By default, -windowType hud will respond to the esc key as a shortcut to closing the window (returning code 239-lockHUD can be used to disable this functionality. -cancelButton overwrites this default.

Both -defaultButton and -cancelButton are dependent on -button1 and/or  -button2.


NOTE: -countdown can only be used in conjunction with -timeout.

-lockHUD can only be used with -windowType hud. Apart from removing the close button, it also removes the esc key functionality (unless -cancelButton is specified).


Does nothing as far as I am able to tell.

If used, jamfHelper immediately exits with  3 … That’s it.

This option is very confusing as it seems to immediately (and only) kill the instance of jamfHelper that uses it. As far as I was able to tell, it seems to leave all other instances of jamfHelper alone. Because you are immediately killing the jamfHelper window that uses this flag, it essentially makes the flag as useful as not calling jamfHelper at all.

It is pretty obvious that these two flags are tied to each other in some way, but how they are meant to work is a mystery to me.

I originally assumed that you could use -startlaunchd to start jamfHelper in the background, and continue on with a script. Then afterwards, you could use -kill to reap the original jamfHelper window. I tested this for the better portion of 2 days before I finally gave up and called JAMF support, but they were not able to provide any answers or additional documentation.

Real World Examples

What good is all of this information if you can’t think of any way to use it Well my friend, let me share with you the way I originally used jamfHelper. Cool thing about jamfHelper windows is that they can work on top of the login window. If you were to make your own LaunchAgent, maybe something to the tune of:

You could essentially block a user from login as long as /path/to/some/triggerfile existed. If you replace the icon with something institutionally relevant, have a script touch that triggerfile at startup, and then delete the file after finishing. You have one a very viable use of jamfHelper.

Here at the Marriott Library, we used jamfHelper to notify consultants about maintenance errors on checkout laptops for students before the laptop was checked out. So if a maintenance error occurred the login window would appear as:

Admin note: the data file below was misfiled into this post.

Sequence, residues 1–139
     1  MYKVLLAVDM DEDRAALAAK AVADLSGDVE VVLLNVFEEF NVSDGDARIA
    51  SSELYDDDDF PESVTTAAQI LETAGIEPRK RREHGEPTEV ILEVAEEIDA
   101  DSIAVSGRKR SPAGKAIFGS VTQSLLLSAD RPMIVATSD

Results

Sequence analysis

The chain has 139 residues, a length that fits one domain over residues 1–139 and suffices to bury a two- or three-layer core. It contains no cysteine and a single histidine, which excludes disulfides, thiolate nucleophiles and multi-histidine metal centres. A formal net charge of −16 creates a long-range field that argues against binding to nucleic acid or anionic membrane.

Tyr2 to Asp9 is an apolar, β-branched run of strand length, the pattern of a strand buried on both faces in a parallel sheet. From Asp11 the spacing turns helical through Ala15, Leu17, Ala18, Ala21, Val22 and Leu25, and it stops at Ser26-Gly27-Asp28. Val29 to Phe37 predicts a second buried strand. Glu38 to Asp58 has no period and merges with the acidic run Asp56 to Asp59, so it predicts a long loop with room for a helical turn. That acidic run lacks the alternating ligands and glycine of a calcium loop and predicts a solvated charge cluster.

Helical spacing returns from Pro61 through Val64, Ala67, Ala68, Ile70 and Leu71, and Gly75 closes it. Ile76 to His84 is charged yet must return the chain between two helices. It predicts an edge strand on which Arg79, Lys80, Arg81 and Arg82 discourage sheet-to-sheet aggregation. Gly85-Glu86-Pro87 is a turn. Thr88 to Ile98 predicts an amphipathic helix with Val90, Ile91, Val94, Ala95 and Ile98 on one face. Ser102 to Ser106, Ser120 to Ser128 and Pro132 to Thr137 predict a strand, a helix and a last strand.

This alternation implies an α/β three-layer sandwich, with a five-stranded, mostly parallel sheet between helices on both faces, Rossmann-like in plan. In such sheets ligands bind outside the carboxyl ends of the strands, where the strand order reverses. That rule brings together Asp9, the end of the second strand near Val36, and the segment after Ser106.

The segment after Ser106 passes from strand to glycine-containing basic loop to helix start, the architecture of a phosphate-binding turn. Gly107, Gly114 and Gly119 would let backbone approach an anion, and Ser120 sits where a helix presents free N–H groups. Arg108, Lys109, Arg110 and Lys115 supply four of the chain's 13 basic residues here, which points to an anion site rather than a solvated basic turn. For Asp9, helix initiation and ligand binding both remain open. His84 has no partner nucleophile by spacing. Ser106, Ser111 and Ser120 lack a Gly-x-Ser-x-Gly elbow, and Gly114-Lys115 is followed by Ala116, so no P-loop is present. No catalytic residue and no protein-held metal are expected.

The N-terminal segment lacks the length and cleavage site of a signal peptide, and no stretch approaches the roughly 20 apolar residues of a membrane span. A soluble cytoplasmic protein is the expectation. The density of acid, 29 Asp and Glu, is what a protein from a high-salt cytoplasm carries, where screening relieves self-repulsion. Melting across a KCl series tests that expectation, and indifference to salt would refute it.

This would give a consultant the ability to quickly identify an issue and choose another laptop to checkout. Beyond just the notification, we wanted to give consultants the ability to re-run maintenance right from the jamfHelper window. This was easy, because we could just add a button! However, there were some complications. Because our maintenance process requires a reliable connection to the network, and can take a very long time to run, we needed some additional functionality to test that maintenance could be run properly.

We created some functions that could be used to test if the power adapter was connected and if the system was currently using an ethernet connection.

Because we could add whatever text we wanted (including unicode), we came up with a script that would dynamically create a jamfHelper window as the system power or ethernet connection changed. When “Connect” was pressed, two more windows were spawned in place of the one above:


This window stays open until a power adapter is plugged in.

First the system would wait for power, then for an ethernet based connection. Each window would stay open as long the service was not detected. If the user pressed cancel, it would cycle back to the original window with the “Connect” button.


This window stays open until a Thunderbolt Ethernet connection is detected.

Once both system states were detected, the user was then finally presented the original window but with a different option:

With this window, a user could run maintenance right from the login window.

This would then kick off our maintenance program. The LaunchAgent used to start the script was tied to the login window and to a specific error log that was only created if maintenance failed. If a user logged in, the jamfHelper windows would disappear, and the dialog windows would not display if maintenance succeeded. This script has allowed us to rely on our consultants to fix a multitude of common issues, saving time for all of us, all while keeping our laptop checkouts moving smoothly.

I included the basic forms of the code below.


Here is a presentation from the University of Utah’s October MacAdmin Meeting:




Here’s a decently sanitized version of the script I was describing above, I had to change some of the paths and supporting files so that it would run on any computer with jamfHelper installed, but you can go through and modify what you need to if you want to play around with it.


  • Ross Derewianko (@PingRD)
    Posted at 16:51h, 10 October Reply

    Awesome writeup! The one other thing thats slowly been worked on is, Someone Over at JAMF is building a gui to build your helper.

    • Sam Forester
      Posted at 17:48h, 10 October Reply

      Thanks, I’m glad you enjoyed it. I’ll take a look at the gui builder. Thanks for the link.

  • uraqt
    Posted at 01:38h, 24 March Reply


    Could you share your jamfHelper scripts in github? I am trying to get a jamfHelper to show the jamf log live.


    • Richard Glaser
      Posted at 20:59h, 28 March Reply

      Hello Chris:

      Thanks for the comment. We will work on sanitizing our jamfHelper scripts and posting either to our github repository, this blog post or both.

    • Sam Forester
      Posted at 22:03h, 31 March Reply

      Hi Chris,

      I added a version of the script to the post, play around with it and tell me what you think.

    Posted at 22:31h, 29 March Reply

    Thank you !!!